Ignoring pre-history (BASIC, FORTRAN, PDP-11 assembler, Z80 assembler, Pascal), I started out in C, many years ago. I found myself using macros and libraries to provide useful combinations of state and functions. I was reinventing objects and found C++.
I was a very happy user of C++ for many years, starting very early on (cfront days). But I was burned by the complexity of the language, and the extremely subtle interaction of features. And I was tired of memory management. I was longing for Java, and then it appeared.
And I was happy. As I was learning the language, I was sure I missed something. Every object is in the heap? Really? There is really no way to have one object physically embedded within another? But everything else was so nice, I didn't care.
And now I'm writing a couple of system that would like to use many gigabytes of memory, containing millions of objects, some small, some large. The per-object overhead is killing me. GC tuning is a nightmare. I'm implementing suballocation schemes. I'm writing microbenchmarks to compare working with ordinary objects with objects serialized to byte arrays. And since C++ has become a hideous mess, far more complicated than the early version that burned me, I long for C again.
So I don't like any language right now.
A side effect of C universalization, especially with open source, is that people forget all about that pre-history. Hacker culture now is mostly C/Unix with a dash of Lisp and Smalltalk heritage.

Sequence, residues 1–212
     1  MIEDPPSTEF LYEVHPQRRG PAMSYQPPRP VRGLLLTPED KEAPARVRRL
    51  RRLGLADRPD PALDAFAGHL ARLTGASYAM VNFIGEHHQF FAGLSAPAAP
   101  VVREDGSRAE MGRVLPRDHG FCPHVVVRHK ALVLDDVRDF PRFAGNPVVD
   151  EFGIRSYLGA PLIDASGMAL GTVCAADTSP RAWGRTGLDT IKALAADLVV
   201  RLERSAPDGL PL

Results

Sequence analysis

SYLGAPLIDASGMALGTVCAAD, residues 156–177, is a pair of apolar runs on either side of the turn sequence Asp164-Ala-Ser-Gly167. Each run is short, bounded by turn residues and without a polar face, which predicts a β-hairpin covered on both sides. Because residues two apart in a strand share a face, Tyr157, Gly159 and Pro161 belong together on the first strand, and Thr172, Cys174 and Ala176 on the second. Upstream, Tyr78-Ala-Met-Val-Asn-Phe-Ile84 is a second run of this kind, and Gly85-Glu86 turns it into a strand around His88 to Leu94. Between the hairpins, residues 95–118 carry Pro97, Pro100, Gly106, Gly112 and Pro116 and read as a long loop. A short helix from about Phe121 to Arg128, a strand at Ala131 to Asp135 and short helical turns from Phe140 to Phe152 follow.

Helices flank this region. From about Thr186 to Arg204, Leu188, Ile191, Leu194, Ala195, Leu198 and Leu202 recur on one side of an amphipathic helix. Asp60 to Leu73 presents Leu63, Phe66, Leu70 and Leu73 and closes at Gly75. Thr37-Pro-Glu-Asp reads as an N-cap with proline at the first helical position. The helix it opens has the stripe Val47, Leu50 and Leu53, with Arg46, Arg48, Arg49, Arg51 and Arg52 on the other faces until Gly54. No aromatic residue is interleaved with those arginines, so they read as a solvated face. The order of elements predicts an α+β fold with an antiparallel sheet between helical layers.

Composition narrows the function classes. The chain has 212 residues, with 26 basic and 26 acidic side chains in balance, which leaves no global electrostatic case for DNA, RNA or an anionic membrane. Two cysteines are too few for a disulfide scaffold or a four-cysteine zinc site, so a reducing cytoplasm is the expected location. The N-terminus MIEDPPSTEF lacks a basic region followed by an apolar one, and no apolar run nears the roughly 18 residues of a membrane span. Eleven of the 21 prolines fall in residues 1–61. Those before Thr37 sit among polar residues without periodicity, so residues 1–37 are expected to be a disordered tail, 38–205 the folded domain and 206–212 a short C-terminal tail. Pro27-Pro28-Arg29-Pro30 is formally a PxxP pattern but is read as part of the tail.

But from what I remember of microcomputer culture in the early 80s, hackers in the field were doing line-numbered Basic and Assembly language - if you had exotic tastes maybe Forth or something. If you were a Basic guy C was DANGEROUS (my programming teacher spoke of C the way Nancy Reagan spoke of crack cocaine) and if you were an assembly guy C was a slow hog.
And if you had access to a "real" computer, chances are it was running PL/I, COBOL or Fortran, not C.
The 1983 video game Tron had levels named after programming languages: "BASIC", "RPG", "COBOL", "FORTRAN", "SNOBOL", "PL1", "PASCAL", "ALGOL", "ASSEMBLY", "OS" and "JCL". C apparently did not merit mention; its complete dominance didn't come until some ways into the PC era.
In the university UNIX forced me to move to C and later on C++. P2C was the only available Pascal compiler and a joke when compared with Turbo Pascal.
I also left with the impression that it is very early days with Go, in the sense that several parts of the language are evolving. (Or maybe I have this impression because the presenter loved diving into ratholes.)
I went through the Tour of Go over a 3-day weekend when I didn't have many obligations and messed with a reasonable portion of the examples although none of the exercises (I think).
I really like it, although I don't think it replaces C's niche. But I think for the level where you'd like some of the structure and goodies of C++ or Java without the complexity it's pretty compelling.
The main thing I've been wishing were different about Go recently is that I wish it could generate some kind of C style dlls that could be interfaced with from other languages. It seems that Go wants to be the top-level, so I don't really know a way to use it for libraries or extensions for other languages.
So instead I'm considering C and Lua - C for the library with possibly a linked or embedded Lua to give some higher level niceties.
My hope is that I could create extensions that are callable from other languages using C APIs and then in the extension push some of the actual computations to Lua when it makes sense to use things like lists/dictionaries.
Unfortunately unless you're on windows it's not that fast compared to Java.
Actually they are doing something like that already with MDIL in WP8.
You mention GC tuning and object overhead so it sounds like there is some high-frequency object creation happening?